At Iowa State, we have 85 percent of our new freshmen in a program. Faculty or a professional advisor meets with them regularly, and they share up to three classes in common with other peers in the program. The programs are structured around an interest such as engineering or pre-law or pre-medicine. They live in the dorms together. Wherever there is a critical mass of students in a program we try to keep them together. It provides a bond for students and it provides a group of people the students can depend on, and immediate access to someone that can advise them. The difference in graduation rates is 8 percentage points and that is dramatic; it is statistically significant.

Second, I want to work with the faculty to develop a strategic plan that focuses on the strengths of the University. I get a sense there is a real hunger to move up in the view of the world, as it were, and you can’t always do that by spending money. These are tough times for everyone, so the way to do it smartly is to make investments in those strengths and in the students, A great student experience brings great faculty.

The final thing I want to do is get involved with the community as quickly as possible, get in touch with community leaders, legislatures, travel the state, and really become part of the Albuquerque community.

Elsa A. Murano
professor and president emeritus,
Texas A&M University

Elsa Murano resigned from her position as Texas A&M University president after serving for only one year. The Texas university system gave Murano some of the lowest scores possible on a one-year performance evaluation.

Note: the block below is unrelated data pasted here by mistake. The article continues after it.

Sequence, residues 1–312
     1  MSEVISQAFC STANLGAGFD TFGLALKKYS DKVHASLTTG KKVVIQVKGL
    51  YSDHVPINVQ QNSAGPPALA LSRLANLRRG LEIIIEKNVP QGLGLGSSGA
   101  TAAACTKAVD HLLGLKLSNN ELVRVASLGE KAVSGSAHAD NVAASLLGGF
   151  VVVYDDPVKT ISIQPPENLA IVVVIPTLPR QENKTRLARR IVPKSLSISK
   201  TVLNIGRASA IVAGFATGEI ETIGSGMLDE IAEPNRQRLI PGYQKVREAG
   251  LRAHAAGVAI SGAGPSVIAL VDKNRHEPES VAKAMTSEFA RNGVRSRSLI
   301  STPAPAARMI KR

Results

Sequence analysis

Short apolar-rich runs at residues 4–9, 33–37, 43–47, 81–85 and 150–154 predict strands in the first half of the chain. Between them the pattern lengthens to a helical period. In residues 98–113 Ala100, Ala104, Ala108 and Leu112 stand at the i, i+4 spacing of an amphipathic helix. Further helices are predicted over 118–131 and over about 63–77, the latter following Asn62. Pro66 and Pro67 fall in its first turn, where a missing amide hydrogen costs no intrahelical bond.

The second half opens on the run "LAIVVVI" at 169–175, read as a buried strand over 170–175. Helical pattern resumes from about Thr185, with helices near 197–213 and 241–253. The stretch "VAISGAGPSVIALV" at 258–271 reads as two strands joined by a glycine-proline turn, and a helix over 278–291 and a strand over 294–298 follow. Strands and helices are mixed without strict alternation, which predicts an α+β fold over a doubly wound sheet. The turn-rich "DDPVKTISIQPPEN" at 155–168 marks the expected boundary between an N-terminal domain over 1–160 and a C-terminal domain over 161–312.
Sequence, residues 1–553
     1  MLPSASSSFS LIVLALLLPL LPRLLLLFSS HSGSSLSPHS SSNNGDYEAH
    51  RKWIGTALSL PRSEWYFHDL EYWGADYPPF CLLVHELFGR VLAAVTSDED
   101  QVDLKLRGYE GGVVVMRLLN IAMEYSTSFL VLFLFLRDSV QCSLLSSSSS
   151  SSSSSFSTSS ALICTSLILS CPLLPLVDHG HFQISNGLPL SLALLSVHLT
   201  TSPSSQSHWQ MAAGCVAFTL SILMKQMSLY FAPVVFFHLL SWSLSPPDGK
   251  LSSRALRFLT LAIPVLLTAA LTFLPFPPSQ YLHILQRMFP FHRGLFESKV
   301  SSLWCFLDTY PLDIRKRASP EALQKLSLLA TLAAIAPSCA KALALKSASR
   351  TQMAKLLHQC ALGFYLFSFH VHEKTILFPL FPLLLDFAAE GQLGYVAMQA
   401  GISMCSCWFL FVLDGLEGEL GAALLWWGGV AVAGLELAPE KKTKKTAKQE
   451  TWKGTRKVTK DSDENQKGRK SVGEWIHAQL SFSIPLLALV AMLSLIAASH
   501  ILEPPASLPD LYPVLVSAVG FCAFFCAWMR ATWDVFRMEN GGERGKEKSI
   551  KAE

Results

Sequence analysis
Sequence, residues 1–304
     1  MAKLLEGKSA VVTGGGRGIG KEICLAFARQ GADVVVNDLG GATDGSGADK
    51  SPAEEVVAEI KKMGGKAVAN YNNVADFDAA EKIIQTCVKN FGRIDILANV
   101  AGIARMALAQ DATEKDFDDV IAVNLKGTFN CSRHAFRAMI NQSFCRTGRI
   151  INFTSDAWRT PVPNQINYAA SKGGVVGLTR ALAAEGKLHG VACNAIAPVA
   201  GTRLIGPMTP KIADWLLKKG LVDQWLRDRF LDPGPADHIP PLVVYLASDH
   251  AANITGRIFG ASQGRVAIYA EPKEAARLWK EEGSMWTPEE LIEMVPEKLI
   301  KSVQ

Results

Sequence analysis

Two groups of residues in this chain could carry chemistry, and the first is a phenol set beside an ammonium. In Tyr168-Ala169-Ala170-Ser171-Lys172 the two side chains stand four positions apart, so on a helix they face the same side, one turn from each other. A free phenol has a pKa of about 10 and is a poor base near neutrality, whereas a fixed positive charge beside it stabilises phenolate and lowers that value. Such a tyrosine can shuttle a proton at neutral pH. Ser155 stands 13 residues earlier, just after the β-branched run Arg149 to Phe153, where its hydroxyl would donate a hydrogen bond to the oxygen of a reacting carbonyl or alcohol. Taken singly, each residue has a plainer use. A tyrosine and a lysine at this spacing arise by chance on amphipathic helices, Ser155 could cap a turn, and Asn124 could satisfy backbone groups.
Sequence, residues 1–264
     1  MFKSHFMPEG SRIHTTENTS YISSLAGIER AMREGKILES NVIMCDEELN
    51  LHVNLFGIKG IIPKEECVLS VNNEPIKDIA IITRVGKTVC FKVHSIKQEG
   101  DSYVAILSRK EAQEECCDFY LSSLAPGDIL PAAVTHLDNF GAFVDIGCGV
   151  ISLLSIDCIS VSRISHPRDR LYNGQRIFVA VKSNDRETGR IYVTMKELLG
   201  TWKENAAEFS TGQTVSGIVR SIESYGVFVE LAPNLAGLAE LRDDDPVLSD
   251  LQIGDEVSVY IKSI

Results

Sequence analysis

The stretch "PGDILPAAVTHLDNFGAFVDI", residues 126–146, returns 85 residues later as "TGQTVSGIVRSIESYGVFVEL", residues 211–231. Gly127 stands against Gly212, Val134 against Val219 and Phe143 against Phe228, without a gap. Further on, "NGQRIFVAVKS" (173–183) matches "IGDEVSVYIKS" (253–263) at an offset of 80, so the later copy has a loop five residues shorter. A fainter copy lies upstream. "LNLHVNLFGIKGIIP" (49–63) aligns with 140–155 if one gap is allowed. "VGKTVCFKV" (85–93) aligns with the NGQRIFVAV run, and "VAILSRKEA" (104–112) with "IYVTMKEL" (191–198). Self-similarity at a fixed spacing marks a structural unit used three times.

In March 2009, Texas A&M’s student newspaper, The Anthem, accused Murano of lying to the student body and student body president after she appointed a vice president of student affairs before receiving input on the selection from student forums.
Murano refuted the claims in an open letter to the university.

In her year as president, Murano says she developed an academic Master Plan for the university, jump-started the university’s international program by developing the Office of the Vice President for Global Initiatives and led the state in establishing a program called “Aggie Assurance” designed to help low-income students pay for college, according to her résumé.

Before serving as the president of Texas A&M, she served as the vice chancellor and dean of the university’s College of Agriculture and Life Sciences, and worked as the U.S. Under Secretary of Agriculture for Food Safety. Murano earned her Ph.D. in food science and technology as well as her M.S. in anaerobic microbiology from Virginia Tech. She earned her B.S. in biological sciences from Florida International University.

She currently serves as a professor of food safety at Texas A&M.

1. If you are selected as the next UNM president, what are your top three goals for improving the University?

If I am given the opportunity to help lead the University of New Mexico, three of the goals that I believe should be pursued would include: first, enhance our academic programs, both in terms of teaching quality and research productivity; second, ensure that we are providing the best value to our students through the efficient management of our limited resources; and third, help format an open and inclusive governance environment where communication at all levels is valued and encouraged. Mind you, these are only three goals, and embedded within them are a whole host of issues. I am sure there are additional areas that need to be addressed, so the very first thing I would do is listen to what those who have been there think ought to be done.